Amongst all the cakes and pastries, they also looked like they prepared a good selection of sandwiches and salads though it wasn’t quite lunch time when we went by. I just really needed my coffee at this point.

It looked like quite a number of other customers were regulars, or at least on a first name basis with the baristas behind the bar. I can see why because the baristas were pretty friendly and knew what they were doing. In fact, the barista told me that she was just going to pull another shot because she knew immediately that it apparently wasn’t a good one. It wasn’t long before I was sipping on the crema of a beautifully made cortado, once again waking up to the world.

Name: Sweetleaf Lic
Found at: 10-93 Jackson Avenue, Long Island City, NY 11101

Delight at M.Wells Diner

When we were in New York, my sister organised our activities with the food outings my responsibility. We headed to the MOMA’s PS1 out in Long Island City and so I had the task of researching a place to eat for lunch around that area. A few places turned up, including the famous 5 Napkin Burger but I was looking for something a little bit less fast food and something a bit more intriguing. I came across a number of blog posts including this one and this one that told me that M.Wells Diner was going to be a winner.

We arrived at about 1pm, so many people were still eating their lunch. We were offered a table at the counter top, but we weren’t really in a rush and thought it’d be much cooler to have a booth table. They had plenty of reading material to keep us occupied, including a few local magazine and papers showcasing more that Long Island City had to offer. Definitely a nice touch.

The menu was pretty diverse, and definitely not really stock standard for your average diner. Take, for example, Beef tartare on offer, or perhaps the escargots and bone marrow. Impressive and unusual offerings. This latter dish must be pretty popular since we saw a chef preparing marrow for our entire duration.

Still feeling the cold from the icy winds outside, I opted for their green pea soup (USD7). I went for it, figuring it’d be a plain soup and what arrived was something I easily would have expected from a restaurant where you’d probably pay double for it. It had crisped bacon for that extra salty bite, the crunch of perfectly toasted croutons and a drizzle of, what I think was, lemon oil lifting the entire dish. The soup itself was amazingly tasty and it went down very quickly.

Apparently the seafood cobbler (USD16) was impressive as well. Extremely cheesy, chock full of quality seafood and a heartily filling dish.

I almost don’t want to blog about a place like this. I’d hate for it to turn into one of those places you wait in line for hours to get in. It’s really that good. I hear they change their menu quite constantly, and the chefs obviously passionate about what they do with one of them reading a fairly dense cooking book on their break.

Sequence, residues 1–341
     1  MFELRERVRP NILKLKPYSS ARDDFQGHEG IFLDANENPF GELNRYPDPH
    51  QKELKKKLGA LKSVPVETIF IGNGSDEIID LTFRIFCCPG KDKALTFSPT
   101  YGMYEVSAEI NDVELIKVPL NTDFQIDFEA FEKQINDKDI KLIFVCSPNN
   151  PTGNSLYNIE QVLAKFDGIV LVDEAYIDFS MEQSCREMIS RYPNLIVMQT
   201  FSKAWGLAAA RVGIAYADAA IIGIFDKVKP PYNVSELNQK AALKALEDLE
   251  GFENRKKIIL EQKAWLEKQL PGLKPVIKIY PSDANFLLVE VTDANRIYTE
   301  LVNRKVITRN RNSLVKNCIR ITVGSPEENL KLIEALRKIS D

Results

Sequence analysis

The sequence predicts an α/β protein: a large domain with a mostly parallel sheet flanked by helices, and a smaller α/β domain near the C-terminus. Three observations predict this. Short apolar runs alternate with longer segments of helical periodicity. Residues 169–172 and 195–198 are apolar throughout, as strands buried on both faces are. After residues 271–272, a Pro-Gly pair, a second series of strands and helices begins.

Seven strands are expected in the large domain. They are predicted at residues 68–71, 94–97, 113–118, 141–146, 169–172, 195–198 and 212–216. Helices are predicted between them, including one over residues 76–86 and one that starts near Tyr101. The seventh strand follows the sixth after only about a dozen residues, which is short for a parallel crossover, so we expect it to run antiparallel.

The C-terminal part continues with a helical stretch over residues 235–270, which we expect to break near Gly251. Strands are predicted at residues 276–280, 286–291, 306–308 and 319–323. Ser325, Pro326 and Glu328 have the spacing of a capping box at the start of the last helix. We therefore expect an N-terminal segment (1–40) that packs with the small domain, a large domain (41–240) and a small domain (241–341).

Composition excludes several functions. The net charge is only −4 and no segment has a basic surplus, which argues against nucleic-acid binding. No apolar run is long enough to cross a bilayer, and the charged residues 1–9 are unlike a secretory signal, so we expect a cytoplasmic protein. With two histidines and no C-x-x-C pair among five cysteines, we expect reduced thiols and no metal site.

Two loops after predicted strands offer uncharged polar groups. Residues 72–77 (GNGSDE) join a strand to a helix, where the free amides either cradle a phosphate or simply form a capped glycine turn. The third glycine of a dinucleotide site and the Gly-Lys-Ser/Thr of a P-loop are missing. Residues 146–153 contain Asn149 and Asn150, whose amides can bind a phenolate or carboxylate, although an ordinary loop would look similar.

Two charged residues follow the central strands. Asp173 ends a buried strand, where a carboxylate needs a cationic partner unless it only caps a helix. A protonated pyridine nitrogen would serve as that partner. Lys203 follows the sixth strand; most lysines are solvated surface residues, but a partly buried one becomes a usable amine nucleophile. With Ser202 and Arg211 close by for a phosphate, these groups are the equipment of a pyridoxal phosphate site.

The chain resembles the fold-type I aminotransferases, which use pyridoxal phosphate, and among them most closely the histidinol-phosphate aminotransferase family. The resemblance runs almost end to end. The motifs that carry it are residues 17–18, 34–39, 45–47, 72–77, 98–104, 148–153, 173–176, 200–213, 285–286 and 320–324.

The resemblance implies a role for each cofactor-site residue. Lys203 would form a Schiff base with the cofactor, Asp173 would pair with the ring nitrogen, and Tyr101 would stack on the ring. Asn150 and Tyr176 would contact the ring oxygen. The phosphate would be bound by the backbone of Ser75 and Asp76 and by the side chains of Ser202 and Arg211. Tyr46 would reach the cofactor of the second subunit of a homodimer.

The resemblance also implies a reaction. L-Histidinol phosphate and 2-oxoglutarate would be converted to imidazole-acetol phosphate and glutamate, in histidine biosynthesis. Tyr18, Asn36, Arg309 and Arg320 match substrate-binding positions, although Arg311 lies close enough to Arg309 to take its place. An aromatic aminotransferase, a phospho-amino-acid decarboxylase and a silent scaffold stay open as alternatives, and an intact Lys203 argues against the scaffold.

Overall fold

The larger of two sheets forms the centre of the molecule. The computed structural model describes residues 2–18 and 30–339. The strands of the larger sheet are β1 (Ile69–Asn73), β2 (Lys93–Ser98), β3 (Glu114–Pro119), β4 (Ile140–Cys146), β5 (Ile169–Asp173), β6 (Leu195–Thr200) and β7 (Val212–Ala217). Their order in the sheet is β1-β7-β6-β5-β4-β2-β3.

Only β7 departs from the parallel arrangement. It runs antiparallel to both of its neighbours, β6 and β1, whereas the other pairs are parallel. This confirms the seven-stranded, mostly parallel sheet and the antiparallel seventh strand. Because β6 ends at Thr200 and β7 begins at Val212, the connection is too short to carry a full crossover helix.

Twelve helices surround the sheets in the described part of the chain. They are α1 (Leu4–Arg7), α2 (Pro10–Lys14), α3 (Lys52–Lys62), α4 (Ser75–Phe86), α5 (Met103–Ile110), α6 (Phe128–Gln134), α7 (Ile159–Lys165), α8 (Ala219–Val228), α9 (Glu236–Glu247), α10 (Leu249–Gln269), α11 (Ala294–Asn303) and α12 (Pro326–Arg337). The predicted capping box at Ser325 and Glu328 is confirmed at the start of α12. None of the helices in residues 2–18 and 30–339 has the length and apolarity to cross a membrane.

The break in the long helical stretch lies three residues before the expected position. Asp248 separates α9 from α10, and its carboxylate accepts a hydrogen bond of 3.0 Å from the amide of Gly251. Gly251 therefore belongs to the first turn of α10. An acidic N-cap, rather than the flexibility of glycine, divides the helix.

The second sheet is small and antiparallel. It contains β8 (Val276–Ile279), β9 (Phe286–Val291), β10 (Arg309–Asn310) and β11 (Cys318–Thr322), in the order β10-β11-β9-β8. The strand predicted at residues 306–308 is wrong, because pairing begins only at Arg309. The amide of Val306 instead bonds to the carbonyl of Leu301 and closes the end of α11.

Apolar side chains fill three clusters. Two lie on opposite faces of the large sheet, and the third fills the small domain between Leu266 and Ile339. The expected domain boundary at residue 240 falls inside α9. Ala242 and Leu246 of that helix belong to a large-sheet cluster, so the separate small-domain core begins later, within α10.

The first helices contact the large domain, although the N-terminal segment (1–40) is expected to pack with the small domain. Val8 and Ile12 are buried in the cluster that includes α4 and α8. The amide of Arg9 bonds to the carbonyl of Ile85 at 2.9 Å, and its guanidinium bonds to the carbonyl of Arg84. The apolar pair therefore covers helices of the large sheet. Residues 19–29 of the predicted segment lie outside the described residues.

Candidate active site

Go now. Before it’s too late.

Name: M. Wells Diner
Found at: 1-17 49th Avenue, Long Island City NY 11101

Eleven Madison Park

My sister and I had definitely splurged on food this trip to New York. I count myself fortunate to dine at these places and enjoy them all. Our final, and definitely the most impressive, fine dining place this trip was Eleven Madison Park. We figured it’d be worthwhile tasting their great valued four course meal for only US$74. Given the quality of the food to come, I still look at as a culinary experience bargain and highly recommend it.

Eleven Madison Park is easily found by following the trail of their four-leaf motif. It’s embossed into the door head and one of the lamp-posts in the park has the name and same four-leaf motif at the bottom of one of their hanging banisters. We were amongst the first to arrive for the lunch service arriving just before noon. I didn’t really want to wander too long to kill time considering how cold and windy that day was. Things already looked good when one of the maître de’s started spinning the rotating doors to help us get in. Taking our coats from us, it wasn’t long before we sat down at our table, fortunate enough to both be facing outwards into the grandiose setting, and soon to be, banquet room.

The restaurant certainly has some style. Describing the room with tall ceilings doesn’t really do justice to just how far the roof from us was away. To our left, long bright windows let plenty of natural sunlight in. Facing forward, we could see a number of tables and they set them plenty away from each other to avoid pretending not to overhear conversations. Further forward, we see a raised floor where even more tables sit and all the way to the right, the bar where we notice people welcomed to dine as well.

As a frequently travelling solo diner, I was also happy to note a rather poised lady dining by herself (food critic perhaps?) on the other side facing towards us. She seemed to be treated just as well as everyone else. Now, on to the meal. We found the tasting menu hidden underneath our dining napkin. Our waitress explained it very simply, “You may choose three courses or four courses. You effectively get to compose your own tasting menu based on key ingredients with the final accompaniments changing with availability of food. Each one will be fully explained on arrival. The first row are all cold dishes, the second and third all hot and the final one dessert elements. You may choose to even skip some of the dishes and, for example, go for another hot dish instead of a cold one.”

Whilst deciding on what to eat from the menu, the first thing to appear were these light gruyere puffs. Probably slightly bigger than a thumbful, these bite-sized morsels really started the appetite going.

When my sister and I dine, we don’t normally drink wine. Matching wine sessions are out of the question when dealing with tasting menus – there would be simply too much alcohol for our poor little Asian systems to deal with. Nevertheless, my sister picked a non-alcoholic drink and I, intrigued by numerous selections decided for a Hot buttered rum with the help from one of the waiters. As he put it, “This is the perfect winter drink. This is a classic drink that is resurfacing and will help you warm up.” It took some time for the drinks as they made it fresh and it was so good I’ve decided to try to replicate the recipe at home while the winter months are still upon us. It came in a wonderful beer-stein like container for the glass.